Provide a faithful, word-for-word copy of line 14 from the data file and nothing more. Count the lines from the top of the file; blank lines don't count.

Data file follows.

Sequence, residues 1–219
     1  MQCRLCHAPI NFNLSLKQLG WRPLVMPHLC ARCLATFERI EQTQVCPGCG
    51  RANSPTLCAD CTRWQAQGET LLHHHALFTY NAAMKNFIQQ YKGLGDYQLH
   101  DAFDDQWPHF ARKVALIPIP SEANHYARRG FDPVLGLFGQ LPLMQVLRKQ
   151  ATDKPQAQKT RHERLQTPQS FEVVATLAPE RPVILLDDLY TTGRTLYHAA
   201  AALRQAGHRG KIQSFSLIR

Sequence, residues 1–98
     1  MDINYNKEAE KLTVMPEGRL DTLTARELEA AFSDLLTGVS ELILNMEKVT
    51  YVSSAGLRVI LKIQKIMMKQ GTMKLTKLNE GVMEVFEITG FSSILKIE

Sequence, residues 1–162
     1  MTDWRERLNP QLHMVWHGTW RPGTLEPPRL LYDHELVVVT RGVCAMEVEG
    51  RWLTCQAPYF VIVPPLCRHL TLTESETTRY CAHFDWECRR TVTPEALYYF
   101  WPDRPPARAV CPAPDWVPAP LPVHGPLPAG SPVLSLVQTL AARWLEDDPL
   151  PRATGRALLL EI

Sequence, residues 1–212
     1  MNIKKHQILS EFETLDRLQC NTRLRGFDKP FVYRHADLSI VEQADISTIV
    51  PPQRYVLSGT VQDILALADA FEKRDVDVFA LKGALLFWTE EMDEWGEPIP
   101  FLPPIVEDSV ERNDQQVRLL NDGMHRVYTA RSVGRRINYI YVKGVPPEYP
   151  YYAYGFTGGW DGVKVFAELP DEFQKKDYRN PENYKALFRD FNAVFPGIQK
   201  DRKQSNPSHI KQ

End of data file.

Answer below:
   151  PRATGRALLL EI